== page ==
Grilled and ready to be served- we were like mobile meat walking at 118°F under the brutal heat, zombified and mutated by the royal sun. I am starting this article with an introduction to ORCHHA’S weather because it wasn’t pleasant in the month of September, and because weather is a matter of utmost importance while traveling anywhere in India. [Best time to visit ORCHHA, heads down- November to March]
Take for example Taj Mahal, if you choose a foggy winter morning in January to visit the love emblem, you’ve got yourself fragmentary pictures of the monument peeping in the background. And mind you my friend- These damn pictures hold the key to most of your old age happiness and your young age glory.
Coming back to ORCHHA, its a beloved hamlet of (a handful of) brave Bundela descendants living amidst a conglomeration of Castles and Cenotaphs. Having survived the wrath of various pre- Independence conspiracies that ingrained the borders and paved enmity between kingdoms and inhabitants, ORCHHA was a small princely state on the border of Uttar Pradesh and Madhya Pradesh, ruled by fierce Bundela chieftains, during British Raj.
Like a worn-out Lion,
resting on the lap of wilderness,
and roaring at the River flowing by,
Sweet are the graveyards of History,
marking the realms and twining the tales
From the shadows of ruins soaring high.
Located in the state of Madhya Pradesh and secured on the banks of River Betwa, ORCHHA was founded by Raja Rudra Pratap in 16th century. Stories about his extreme courage and valor have been sung by locals from time immemorial. It is believed that he was martyred, while single handedly rescuing an injured cow from a ferocious tiger. *WOW okay* :O
ORCHHA can be reached by road(private car) and Train from Delhi, although if you’re a Flight guy, the nearest airport will be Gwalior, which is again 130KMS from ORCHHA. We took the best and most recommended way i.e, the Train, at 6AM in the morning and reached Jhansi by 11AM. From Jhansi we booked a private car and reached ORCHHA, which is at a distance of 15KMS from there, in another 45 minutes.
Not to down play the fact that I am not at my best behavior under the torture of Sun- but the moment I laid my eyes at the fort, I just couldn’t help but fall in love with ORCHHA – the burning terracotta, the clear white sky, the strewn dried cobblestones settled on Betwa and the noteworthy local legend. The gigantic fort city is skillfully crafted by artisans and divided into The Raja Mahal, (the King’s Palace), The Jahangir Mahal, built to honor the Mughal empire Jahangir, The Raja Ram temple, The Chatarbhuj Temple, The royal Cenotaphs of Bundela rulers, and a trifling sum of architectural ruins spread around the fort. We spent 5 hours in the fort that day, bruised and tanned, before heading back to the army quarters in Jhansi where we were putting up.
Next morning, I woke up more inspired than ever, cant stress more on whether it was the wine or the books. So I cleaned up and took off with the camera, learned a few phrases in native Bundelkhandi from local shopkeepers, like “Kai Kahuro”, translation- Hi, how are you? And “Kai Datta, kitte jaare?” translation- Hi brother, where are you going?, bought a few bangles and peacock earrings from handicraft sellers and dined at a traditional Bundelkhandi restaurant. Soon the day retired and I managed to capture the colors of fading sun on the shallow Betwa, with the cenotaphs rising in the backdrop.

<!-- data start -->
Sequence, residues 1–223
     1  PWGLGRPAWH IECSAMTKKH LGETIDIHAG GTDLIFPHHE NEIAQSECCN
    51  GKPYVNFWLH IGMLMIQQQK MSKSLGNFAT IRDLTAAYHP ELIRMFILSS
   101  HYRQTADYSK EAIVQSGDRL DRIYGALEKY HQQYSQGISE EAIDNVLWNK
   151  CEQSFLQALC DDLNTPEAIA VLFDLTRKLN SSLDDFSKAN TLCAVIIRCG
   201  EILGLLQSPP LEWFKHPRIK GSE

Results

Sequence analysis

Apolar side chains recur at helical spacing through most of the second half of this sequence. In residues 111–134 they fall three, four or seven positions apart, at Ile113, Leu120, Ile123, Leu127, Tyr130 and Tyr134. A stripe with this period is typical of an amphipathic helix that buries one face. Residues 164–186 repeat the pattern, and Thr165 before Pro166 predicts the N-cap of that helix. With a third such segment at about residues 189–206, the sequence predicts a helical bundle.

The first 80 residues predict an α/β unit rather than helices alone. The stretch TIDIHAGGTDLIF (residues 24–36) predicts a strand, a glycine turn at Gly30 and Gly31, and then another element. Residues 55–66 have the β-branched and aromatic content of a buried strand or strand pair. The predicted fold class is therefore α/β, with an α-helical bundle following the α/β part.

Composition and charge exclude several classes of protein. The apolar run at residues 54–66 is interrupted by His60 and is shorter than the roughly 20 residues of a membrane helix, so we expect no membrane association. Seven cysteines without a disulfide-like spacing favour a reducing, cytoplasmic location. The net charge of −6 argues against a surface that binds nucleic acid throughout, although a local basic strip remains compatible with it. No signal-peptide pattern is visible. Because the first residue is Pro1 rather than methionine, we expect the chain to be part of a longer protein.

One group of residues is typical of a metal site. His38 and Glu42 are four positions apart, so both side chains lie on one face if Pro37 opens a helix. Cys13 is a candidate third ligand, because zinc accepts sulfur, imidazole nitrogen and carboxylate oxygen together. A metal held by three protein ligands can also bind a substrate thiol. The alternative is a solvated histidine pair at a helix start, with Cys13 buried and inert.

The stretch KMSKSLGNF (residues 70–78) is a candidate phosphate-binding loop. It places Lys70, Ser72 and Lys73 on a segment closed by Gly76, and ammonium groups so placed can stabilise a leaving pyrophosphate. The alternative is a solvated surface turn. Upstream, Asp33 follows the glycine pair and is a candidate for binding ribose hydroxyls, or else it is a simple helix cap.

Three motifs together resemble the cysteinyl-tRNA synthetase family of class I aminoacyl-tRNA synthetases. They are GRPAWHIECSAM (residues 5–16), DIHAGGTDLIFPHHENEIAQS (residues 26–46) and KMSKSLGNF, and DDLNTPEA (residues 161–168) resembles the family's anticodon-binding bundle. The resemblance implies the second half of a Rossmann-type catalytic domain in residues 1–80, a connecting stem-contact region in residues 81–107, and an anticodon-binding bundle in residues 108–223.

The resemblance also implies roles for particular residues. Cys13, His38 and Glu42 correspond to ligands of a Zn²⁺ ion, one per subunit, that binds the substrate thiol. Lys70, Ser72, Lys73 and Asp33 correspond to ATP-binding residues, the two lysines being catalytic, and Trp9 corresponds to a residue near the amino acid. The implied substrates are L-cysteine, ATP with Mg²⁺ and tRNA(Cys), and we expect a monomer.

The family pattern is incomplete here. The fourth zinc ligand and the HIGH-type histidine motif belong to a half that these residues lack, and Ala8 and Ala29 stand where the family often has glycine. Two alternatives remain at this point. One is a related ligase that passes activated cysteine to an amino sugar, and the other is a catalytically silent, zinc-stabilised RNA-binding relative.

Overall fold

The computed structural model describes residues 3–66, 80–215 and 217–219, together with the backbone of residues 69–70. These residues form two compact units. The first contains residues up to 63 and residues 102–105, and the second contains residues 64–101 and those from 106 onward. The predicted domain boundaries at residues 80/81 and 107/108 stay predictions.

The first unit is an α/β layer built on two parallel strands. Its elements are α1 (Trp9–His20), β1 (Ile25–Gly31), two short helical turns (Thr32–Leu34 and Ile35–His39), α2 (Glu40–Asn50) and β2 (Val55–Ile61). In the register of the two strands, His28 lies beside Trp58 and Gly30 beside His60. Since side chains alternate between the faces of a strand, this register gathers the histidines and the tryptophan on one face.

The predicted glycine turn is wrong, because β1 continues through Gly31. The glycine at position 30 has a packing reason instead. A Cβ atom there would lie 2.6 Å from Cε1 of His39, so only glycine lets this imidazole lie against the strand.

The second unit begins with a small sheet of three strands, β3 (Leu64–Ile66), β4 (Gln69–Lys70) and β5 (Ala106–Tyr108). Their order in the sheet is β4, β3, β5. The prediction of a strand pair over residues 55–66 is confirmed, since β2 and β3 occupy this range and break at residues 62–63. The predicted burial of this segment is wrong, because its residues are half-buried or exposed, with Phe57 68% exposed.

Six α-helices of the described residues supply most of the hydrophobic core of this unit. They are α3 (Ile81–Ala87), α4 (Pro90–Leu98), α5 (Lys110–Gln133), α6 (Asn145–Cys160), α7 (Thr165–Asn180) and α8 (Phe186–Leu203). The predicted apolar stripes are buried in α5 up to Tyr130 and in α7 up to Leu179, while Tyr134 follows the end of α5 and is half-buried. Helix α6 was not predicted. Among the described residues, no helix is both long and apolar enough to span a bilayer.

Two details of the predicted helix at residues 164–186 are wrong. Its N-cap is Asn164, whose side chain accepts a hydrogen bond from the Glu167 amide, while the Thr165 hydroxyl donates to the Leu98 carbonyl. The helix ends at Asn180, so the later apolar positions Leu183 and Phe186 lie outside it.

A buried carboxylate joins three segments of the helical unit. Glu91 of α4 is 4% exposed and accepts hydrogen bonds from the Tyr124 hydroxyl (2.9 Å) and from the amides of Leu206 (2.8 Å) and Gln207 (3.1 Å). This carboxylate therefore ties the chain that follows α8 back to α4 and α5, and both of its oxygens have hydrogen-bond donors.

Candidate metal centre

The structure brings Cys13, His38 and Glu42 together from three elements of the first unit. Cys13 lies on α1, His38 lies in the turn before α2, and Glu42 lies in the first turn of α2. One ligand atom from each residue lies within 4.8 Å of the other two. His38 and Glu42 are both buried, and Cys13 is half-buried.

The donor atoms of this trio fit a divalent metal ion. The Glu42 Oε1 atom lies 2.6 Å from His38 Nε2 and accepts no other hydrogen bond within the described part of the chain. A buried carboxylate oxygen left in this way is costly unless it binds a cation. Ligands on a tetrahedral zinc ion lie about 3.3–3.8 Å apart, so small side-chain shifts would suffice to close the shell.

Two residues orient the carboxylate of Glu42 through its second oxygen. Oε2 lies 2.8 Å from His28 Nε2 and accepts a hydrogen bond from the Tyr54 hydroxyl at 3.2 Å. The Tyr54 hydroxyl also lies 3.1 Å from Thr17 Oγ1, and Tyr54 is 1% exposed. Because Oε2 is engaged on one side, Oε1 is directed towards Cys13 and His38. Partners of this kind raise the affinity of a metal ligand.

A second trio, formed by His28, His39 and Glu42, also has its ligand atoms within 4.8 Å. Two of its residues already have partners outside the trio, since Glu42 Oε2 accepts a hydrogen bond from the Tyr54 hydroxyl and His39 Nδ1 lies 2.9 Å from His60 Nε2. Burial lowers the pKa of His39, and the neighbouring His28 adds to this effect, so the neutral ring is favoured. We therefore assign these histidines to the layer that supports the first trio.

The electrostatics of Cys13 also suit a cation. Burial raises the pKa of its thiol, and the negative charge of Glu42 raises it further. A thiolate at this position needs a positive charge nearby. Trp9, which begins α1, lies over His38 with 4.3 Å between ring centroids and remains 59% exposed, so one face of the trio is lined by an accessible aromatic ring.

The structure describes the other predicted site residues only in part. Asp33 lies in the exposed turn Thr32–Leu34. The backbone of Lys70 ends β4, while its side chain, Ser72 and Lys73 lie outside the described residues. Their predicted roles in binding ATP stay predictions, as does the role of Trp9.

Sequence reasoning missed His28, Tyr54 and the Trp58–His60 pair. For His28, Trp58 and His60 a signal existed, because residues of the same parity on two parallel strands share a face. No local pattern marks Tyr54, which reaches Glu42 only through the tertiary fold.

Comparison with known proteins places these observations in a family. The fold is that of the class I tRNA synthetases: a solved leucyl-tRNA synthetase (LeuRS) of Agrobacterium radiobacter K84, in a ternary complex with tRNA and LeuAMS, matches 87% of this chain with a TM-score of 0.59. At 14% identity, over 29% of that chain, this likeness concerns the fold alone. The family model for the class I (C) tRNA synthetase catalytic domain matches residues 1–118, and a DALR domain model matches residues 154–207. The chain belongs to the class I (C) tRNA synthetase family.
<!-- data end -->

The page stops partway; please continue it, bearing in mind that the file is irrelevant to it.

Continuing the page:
Moving on to another colossal monument rising from the backyard of much celebrated Raja Ram Temple, was Chatarbhuj Temple. Succumbed to darkness as the sun sets, the temple stands there in shame, without the very God it was so artistically built for.
Legend has it, that the Queen of ORCHHA Rani Ganeshi Bai was a devotee of Lord Rama. She ordered the best artisans to built a temple for her beloved God and left on a pilgrimage to Ayodhya(the birth place of God Rama) to fetch his Idol.
Meanwhile, following her orders, a huge temple structure was made, right in front of the Palace. It was instructed to the Queen, that she must not keep the Idol anywhere but at the place of its installation, or else, it could not be moved. The Queen returned to ORCHHA, worn-out and drowsy and she slept in her palace, accidentally keeping the Idol of Rama in her Palace Kitchen.
While hefty preparation were made to move the Idol to the newly constructed Chatarbhuj Temple, the Idol for one, refused to move at all. When no one could take the Idol of Rama to the temple, the Queen had to convert her Palace kitchen into a temple, giving birth to the tradition of praising God Rama as a King. Locals still praise God Rama as the King of ORCHHA and the temple(palace) came to be known as Raja Rama Temple.
I picked a string puppet and “Damroo”, from the shops outside the temple and drove myself back to Jhansi. It was a long thoughtful drive and I couldn’t be more excited about traveling to Khajuraho soon. For there’s a thing about art, it calls for more, and rules you like an old wine rules your senses. The temples and forts are the purest and most profound form of art ever was and god forbid, if I had to leave any of them, unseen and unexplored before I die.